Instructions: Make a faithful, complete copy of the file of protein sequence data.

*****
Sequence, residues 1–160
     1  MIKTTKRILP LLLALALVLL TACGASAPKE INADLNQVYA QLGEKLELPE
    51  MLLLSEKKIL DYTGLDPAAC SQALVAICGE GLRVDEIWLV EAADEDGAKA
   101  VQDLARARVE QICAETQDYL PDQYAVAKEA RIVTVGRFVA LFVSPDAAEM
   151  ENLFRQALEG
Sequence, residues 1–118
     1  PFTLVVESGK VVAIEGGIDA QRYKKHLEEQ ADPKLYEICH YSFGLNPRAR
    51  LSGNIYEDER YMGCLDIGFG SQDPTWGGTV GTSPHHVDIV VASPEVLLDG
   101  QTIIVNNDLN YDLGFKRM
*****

Sequence, residues 1–160
     1  MIKTTKRILP LLLALALVLL TACGASAPKE INADLNQVYA QLGEKLELPE
    51  MLLLSEKKIL DYTGLDPAAC SQALVAICGE GLRVDEIWLV EAADEDGAKA
   101  VQDLARARVE QICAETQDYL PDQYAVAKEA RIVTVGRFVA LFVSPDAAEM
   151  ENLFRQALEG
Sequence, residues 1–118
     1  PFTLVVESGK VVAIEGGIDA QRYKKHLEEQ ADPKLYEICH YSFGLNPRAR
    51  LSGNIYEDER YMGCLDIGFG SQDPTWGGTV GTSPHHVDIV VASPEVLLDG
   101  QTIIVNNDLN YDLGFKRM